The first update

Testing the AI’s patrolling behaviour.

Hello again!

To make things a little more interesting, I thought for a start I’ll add a screenshot to every post.  Also The post will have a set structure. Something like this:

  • general news and changes
  • things I’ve been working on
  • ideas of gameplay
  • rambling (optional)

So this was the news and changes section. Let’s move on to things I’ve been working on.

As the picture shows, I’ve been working on AI. AI agents now have the ability to register noise and visual contact with the player. This can be extended to other AI agents as well, so that they could hear and see each other as well.

I’ll have to think about if this is needed, or if they should keep track of each other in some other way. Agents performing actions when they see each other, when the player can not see them is a waste. Sight involves raytracing, and even though it doesn’t happen every frame, I don’t want to perform those if not necessary.

I’ve also done some basic patrolling behaviour. This has a number of options, so it can be used for different type of agents, like neutrals, guards, and something in between. Changing patrolling types and assigning points to visit can be easily done in the level editor. I use the A* pathfinding created by Aron Granberg and a behaviour tree implementation by Emil “Angry Ant” Johansen. Both seem to be very solid tools that could make work a lot easier.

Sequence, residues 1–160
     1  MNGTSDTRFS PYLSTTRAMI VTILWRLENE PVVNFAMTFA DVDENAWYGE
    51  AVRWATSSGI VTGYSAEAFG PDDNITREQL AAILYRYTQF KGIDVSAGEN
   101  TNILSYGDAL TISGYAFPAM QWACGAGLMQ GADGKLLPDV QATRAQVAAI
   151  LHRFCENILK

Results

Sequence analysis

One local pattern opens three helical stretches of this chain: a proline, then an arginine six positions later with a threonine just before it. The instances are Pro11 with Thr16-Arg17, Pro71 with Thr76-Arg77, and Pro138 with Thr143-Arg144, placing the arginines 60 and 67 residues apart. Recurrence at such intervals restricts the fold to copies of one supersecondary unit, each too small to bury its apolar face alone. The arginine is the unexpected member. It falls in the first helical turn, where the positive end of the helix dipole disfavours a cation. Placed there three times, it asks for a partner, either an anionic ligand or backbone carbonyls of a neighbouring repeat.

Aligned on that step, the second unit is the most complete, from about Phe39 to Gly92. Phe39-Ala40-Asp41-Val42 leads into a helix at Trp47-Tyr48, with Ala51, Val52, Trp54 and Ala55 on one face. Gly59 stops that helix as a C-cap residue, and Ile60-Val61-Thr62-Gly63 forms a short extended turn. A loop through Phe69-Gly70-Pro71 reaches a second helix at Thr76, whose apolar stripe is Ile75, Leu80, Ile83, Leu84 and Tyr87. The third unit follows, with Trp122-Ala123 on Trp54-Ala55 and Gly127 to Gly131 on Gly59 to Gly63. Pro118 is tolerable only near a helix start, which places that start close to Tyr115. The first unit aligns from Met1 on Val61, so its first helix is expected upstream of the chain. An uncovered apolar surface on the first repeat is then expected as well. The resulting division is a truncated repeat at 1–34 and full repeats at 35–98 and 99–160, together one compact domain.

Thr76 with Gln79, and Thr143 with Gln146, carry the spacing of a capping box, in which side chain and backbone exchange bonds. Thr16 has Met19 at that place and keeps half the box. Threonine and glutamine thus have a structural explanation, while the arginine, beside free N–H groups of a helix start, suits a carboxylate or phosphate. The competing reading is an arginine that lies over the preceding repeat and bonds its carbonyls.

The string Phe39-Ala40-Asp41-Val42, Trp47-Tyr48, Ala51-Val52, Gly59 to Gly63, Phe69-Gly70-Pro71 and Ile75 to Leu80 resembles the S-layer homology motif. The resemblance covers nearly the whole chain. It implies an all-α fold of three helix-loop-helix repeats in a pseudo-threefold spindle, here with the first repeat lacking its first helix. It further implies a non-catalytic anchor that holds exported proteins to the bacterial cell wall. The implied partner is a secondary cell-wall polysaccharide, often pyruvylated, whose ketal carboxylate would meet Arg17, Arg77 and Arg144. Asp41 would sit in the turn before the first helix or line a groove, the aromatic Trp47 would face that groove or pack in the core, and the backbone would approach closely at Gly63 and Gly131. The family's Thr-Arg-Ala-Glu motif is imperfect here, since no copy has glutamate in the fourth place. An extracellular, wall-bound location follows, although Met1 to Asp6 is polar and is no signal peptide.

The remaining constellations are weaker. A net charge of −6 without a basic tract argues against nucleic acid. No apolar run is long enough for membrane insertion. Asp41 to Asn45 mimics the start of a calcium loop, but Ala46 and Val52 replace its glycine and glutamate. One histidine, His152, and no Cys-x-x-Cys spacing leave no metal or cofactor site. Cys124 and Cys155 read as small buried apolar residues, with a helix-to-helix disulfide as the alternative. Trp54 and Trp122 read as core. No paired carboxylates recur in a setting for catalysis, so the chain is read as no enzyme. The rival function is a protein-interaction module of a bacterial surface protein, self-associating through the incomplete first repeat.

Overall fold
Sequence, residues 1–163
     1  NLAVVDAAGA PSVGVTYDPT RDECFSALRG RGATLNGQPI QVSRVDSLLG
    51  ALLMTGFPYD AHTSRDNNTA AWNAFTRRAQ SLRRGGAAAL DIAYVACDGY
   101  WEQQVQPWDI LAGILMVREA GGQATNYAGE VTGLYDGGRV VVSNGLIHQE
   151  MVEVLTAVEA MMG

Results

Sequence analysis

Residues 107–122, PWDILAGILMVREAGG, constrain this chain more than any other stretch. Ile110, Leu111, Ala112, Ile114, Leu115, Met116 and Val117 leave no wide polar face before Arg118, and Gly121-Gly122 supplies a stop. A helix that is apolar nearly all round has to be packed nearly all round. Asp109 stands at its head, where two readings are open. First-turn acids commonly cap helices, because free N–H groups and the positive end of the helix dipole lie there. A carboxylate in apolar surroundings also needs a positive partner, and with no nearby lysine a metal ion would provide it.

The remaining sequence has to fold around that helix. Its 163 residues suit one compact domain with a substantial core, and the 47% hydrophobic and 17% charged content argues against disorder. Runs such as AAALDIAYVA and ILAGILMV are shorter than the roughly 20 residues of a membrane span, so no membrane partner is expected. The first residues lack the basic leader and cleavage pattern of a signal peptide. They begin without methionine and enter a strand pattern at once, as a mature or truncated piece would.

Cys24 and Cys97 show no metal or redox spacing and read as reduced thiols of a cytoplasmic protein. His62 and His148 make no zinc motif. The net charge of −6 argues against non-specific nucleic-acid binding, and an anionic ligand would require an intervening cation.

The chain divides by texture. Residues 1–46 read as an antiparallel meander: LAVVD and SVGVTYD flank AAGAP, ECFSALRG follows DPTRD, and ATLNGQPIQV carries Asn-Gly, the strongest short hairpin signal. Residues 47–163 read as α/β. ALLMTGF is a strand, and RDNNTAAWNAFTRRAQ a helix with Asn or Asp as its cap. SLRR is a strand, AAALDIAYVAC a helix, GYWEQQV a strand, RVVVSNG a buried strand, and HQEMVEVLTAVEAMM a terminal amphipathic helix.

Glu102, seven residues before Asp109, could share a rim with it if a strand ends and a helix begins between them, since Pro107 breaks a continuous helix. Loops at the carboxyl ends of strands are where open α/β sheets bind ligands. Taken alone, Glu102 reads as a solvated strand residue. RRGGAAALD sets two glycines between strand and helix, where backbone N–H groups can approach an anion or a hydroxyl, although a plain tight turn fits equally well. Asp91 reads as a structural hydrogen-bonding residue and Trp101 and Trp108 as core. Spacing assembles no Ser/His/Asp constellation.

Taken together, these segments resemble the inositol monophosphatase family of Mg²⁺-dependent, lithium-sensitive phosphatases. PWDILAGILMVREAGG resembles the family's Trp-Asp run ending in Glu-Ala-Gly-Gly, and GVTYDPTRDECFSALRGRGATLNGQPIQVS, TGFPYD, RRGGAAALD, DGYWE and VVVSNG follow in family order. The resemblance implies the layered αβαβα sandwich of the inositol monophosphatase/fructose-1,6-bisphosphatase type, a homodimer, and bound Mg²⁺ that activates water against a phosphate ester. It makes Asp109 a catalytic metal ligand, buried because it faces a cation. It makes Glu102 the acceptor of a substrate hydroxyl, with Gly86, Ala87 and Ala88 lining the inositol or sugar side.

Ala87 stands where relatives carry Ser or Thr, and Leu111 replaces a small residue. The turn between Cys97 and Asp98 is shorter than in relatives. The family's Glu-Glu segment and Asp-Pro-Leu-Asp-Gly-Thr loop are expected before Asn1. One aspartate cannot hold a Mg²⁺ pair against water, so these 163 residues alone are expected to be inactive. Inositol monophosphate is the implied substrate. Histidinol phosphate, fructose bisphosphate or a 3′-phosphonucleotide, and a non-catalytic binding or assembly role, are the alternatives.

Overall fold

On to the next section we go.

The game is going to be a top down stealth game at its core. This means avoiding security with the help of gadgets, planning, and using the environment.

This part should be extended by interacting with contractors, upgrading and buying new equipment, and some sort of reward for your efforts. This could be presented by giving the player a kind of safe house. From here they could negotiate with their contractors, and buy new equipment  and upgrades “online”. The reward could come in various forms.

One possibility is a story element. The player could experience this by following the news and seeing the slight but noticeable changes they made in the world, or see how media presents their actions.

Another way to reward the player is to allow them to buy cool stuff for their safe house. This is probably a more shallow reward. But the combination of the two could be fun. At this point I almost wrote that it could serve as a motivation to keep playing. However I don’t think that is a goal. The goal of the game should be to provide an interesting and fun experience.

I still think I should keep my posts short, so I’ll wrap it up now. I promised to tell about how I selected the engine I use, but that will happen in the next post, I’ll tell you it’s Unity3d though. I realize I didn’t really share enough at this point to give you material to comment on, but I would really appreciate feedback on anything in the post. Do you like the idea of the core gameplay? What do you like about game AI, and what do you find annoying? Should I write longer posts, or should I try to make it even shorter?

Well, that’s all for now.

Bye!

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7 responses to “The first update”

  1. keep1 says :

    I’mma be keeping an eye on this, looks good.

    I guess with AI, you want to find that sweet spot between it being too dumb/predictable and too clever/surprising. Having guards interact outside the players purview leans things too far to the latter I think.